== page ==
Dr. William Elliot Griffis, in his preface to De Hoop Scheffer’s book, tells us correctly that the Pilgrim Fathers received far more credit for their work than did the Baptists. The former were Calvinists, and they differed in many ways from the latter. We have just noted what John Robinson at Leyden said about Helwys. Griffis reminds us of the fact that the Anabaptists were “the pariahs of history.” The day will come, he predicted, when “leaders like Hubmaier, Robert Browne, Menno Simons, William the Silent, Roger Williams and William Penn will win world’s honor.” But he should have taken pains to check some of these names used more carefully. Likewise he should be careful when claiming (p. 184) that the bold language used by Helwys in addressing King James I of England was the first used in that land containing the idea of religious liberty. Martin Luther in 1523 had used exactly the same kind of language! And many Englishmen before Helwys had spoken up with same kind of courage and wisdom.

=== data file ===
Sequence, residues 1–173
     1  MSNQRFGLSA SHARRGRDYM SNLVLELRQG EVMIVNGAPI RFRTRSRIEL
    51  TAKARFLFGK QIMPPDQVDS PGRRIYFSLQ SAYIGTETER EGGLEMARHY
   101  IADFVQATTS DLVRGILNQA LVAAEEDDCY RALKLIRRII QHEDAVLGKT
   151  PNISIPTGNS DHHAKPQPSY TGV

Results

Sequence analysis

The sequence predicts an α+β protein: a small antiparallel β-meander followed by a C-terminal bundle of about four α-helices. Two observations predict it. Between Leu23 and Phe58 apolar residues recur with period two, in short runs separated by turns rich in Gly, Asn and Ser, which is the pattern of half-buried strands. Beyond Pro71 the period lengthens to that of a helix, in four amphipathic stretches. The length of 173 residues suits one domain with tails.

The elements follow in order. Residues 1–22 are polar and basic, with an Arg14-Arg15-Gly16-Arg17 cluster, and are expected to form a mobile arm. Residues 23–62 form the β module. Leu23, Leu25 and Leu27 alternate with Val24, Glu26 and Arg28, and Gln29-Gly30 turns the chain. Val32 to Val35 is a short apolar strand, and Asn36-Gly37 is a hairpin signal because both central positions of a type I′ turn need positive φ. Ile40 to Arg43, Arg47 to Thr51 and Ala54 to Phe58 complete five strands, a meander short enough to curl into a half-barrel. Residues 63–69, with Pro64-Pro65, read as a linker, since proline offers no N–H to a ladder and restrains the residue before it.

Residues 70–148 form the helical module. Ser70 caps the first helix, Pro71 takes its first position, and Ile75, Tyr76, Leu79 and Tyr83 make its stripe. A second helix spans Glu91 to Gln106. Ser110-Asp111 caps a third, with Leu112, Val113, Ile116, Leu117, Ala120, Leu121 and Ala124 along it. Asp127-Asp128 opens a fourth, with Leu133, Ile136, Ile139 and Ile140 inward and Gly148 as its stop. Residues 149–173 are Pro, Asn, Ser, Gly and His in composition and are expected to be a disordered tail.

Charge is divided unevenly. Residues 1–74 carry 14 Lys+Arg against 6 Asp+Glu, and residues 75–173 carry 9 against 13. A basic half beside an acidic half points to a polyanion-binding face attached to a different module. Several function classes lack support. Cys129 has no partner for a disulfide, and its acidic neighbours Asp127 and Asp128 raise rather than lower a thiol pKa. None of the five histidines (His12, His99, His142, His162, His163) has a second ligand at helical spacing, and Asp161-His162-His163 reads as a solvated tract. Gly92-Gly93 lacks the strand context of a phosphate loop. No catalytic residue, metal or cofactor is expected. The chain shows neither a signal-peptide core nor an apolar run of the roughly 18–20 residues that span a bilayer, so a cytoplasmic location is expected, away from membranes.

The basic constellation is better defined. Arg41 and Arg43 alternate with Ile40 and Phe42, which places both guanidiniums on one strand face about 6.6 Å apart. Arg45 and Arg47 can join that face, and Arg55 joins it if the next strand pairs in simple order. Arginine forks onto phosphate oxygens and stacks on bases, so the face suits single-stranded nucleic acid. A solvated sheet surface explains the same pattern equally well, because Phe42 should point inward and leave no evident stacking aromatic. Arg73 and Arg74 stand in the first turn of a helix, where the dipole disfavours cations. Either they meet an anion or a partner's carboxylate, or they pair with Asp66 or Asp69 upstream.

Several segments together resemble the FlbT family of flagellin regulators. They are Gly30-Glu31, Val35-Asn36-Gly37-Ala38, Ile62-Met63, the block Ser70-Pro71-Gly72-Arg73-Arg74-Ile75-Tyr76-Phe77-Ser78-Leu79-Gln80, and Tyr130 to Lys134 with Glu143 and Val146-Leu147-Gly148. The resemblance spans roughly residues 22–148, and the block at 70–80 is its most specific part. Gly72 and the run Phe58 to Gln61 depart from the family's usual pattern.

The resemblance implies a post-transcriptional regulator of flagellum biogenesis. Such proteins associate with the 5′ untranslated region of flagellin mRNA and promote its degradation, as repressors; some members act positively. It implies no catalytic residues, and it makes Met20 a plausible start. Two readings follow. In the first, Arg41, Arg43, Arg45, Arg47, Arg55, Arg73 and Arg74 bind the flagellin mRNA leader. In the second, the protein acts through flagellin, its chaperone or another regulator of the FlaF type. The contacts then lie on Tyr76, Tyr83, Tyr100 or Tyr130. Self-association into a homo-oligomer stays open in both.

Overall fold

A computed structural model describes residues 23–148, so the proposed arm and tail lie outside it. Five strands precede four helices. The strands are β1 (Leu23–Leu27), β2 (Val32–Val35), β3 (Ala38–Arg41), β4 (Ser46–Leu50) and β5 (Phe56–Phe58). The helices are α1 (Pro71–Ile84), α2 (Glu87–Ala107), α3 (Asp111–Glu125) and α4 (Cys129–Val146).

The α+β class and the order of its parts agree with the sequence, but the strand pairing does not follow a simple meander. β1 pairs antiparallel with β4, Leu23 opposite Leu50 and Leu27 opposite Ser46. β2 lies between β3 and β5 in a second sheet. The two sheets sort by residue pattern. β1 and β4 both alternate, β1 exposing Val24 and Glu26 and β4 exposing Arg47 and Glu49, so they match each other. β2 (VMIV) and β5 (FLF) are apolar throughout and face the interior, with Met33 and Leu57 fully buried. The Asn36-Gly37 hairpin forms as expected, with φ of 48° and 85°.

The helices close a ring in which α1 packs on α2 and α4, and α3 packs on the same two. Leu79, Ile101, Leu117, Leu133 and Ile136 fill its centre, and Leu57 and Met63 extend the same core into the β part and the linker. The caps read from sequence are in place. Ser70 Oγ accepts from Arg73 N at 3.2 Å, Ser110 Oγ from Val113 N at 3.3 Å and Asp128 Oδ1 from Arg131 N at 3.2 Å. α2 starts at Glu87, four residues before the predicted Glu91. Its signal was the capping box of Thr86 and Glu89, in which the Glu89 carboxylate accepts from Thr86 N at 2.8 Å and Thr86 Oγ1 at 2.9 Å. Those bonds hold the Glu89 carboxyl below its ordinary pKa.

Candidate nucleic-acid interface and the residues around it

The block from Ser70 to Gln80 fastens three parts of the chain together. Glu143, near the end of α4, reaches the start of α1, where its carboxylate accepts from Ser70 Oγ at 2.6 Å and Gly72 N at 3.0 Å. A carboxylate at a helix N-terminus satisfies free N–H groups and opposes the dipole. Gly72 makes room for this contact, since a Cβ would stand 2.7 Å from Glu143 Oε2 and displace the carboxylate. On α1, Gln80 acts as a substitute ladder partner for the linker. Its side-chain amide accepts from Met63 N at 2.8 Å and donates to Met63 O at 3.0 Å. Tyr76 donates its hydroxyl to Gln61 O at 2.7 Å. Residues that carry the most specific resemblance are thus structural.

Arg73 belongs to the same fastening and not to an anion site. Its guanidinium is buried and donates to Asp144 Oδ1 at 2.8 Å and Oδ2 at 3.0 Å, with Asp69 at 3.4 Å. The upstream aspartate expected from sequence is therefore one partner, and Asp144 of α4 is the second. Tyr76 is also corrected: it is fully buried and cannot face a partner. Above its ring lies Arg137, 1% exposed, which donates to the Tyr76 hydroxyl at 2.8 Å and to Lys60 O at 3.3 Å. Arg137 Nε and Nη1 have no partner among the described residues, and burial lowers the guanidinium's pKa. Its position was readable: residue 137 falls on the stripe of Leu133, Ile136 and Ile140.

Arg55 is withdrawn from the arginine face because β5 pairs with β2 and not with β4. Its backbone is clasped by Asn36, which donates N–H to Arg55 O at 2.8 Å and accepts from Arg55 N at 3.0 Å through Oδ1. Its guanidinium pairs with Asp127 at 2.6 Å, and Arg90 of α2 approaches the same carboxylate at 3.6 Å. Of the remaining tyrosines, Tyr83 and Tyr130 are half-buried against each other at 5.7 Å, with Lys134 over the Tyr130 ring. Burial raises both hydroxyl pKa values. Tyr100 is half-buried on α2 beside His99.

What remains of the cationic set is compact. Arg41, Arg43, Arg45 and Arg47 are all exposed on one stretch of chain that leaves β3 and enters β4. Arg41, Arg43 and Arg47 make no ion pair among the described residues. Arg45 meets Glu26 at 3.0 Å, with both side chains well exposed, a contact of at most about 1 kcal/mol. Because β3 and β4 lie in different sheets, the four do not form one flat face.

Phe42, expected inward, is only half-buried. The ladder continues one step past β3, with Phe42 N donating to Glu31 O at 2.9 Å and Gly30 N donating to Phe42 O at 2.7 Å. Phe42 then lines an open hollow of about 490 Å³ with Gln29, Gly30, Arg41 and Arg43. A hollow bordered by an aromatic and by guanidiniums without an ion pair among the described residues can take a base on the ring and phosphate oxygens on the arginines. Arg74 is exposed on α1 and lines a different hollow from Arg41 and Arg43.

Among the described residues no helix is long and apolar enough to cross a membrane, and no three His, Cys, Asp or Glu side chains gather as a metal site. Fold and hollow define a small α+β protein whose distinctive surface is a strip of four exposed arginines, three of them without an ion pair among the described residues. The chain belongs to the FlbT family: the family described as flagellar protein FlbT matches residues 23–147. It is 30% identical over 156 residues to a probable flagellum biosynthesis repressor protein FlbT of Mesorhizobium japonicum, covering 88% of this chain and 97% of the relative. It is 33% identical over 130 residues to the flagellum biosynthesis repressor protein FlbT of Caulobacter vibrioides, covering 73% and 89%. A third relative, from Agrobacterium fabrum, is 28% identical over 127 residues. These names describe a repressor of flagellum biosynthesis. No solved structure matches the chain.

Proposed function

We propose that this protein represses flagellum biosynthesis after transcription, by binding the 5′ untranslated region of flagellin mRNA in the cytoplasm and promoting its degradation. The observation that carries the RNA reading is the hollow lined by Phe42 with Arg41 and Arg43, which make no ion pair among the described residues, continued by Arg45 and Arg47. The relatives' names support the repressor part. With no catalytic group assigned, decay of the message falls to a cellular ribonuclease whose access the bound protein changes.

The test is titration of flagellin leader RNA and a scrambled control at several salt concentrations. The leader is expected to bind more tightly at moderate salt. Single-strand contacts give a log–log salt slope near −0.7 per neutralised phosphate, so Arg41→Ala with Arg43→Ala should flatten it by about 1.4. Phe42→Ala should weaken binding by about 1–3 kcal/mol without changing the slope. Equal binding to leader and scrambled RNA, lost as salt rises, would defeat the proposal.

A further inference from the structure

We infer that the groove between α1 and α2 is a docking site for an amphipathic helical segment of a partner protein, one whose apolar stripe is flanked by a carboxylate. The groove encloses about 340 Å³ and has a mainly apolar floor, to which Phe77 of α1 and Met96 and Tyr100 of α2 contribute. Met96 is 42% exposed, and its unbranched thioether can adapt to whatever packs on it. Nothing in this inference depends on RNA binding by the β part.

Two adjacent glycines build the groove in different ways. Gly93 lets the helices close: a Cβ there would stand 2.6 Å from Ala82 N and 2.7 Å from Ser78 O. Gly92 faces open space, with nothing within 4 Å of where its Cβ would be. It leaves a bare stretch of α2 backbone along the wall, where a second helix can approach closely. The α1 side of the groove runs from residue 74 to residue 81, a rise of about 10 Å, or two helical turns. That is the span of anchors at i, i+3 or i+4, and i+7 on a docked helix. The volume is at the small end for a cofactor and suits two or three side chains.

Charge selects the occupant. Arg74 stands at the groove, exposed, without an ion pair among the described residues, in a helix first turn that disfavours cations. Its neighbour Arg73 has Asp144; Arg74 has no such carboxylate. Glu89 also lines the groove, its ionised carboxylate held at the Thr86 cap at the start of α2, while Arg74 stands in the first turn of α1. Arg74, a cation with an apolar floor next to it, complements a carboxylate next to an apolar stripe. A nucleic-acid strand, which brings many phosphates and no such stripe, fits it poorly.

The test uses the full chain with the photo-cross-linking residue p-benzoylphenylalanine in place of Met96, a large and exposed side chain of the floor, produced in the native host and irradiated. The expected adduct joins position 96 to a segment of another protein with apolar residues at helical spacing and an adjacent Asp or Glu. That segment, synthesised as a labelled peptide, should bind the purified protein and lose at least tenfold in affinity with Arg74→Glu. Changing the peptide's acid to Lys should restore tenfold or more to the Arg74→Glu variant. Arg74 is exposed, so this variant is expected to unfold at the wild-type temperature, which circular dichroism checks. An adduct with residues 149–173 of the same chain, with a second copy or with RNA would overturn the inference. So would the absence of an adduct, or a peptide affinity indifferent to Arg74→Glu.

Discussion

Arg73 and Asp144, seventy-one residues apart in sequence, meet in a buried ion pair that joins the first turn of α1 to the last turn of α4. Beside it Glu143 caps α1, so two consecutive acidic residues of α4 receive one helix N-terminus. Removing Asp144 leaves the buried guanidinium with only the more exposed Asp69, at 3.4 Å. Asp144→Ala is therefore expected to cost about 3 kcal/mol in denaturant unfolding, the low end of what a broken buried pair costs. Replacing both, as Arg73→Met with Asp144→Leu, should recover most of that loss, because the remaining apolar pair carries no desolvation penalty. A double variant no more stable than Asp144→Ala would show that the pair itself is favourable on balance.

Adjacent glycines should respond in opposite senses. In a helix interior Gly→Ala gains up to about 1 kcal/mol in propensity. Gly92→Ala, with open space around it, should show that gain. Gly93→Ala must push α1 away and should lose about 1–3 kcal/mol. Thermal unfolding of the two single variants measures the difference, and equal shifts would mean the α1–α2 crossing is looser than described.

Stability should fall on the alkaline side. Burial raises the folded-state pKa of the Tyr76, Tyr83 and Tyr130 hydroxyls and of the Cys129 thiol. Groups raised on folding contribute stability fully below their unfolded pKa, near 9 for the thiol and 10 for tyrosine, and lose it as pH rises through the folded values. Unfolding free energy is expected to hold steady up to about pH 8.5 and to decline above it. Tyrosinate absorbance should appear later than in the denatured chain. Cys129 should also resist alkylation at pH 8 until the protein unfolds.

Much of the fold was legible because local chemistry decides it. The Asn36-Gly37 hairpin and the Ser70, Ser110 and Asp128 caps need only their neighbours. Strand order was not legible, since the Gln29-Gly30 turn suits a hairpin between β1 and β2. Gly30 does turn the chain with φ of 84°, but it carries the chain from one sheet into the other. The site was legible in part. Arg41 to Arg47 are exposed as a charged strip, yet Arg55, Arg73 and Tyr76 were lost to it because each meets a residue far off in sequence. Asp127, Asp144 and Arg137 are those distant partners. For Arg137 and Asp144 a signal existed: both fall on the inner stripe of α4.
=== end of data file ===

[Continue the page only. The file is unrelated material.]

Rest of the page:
1t is interesting to note that the article on the “Baptists” in Brittanica Junior Enyclopedia begins as follows, “The magistrate is not to meddle with religious or matters of conscience, nor to compel men to this or that form of religion,” said John Smyth to his little group of followers. We are then informed that this group fled to Amsterdam where they published their declaration of faith. In this manner the Baptist “denomination” was born which is today the largest Protestant group in the United States. The reader gleans the impression that the Baptists were the first to introduce the doctrine of religious liberty, taking away from the civil government the power to persecute religious sects. But in all honesty we shall have to take into consideration what Martin Luther by 1523 and what others also said. These deserve credit for their contributions.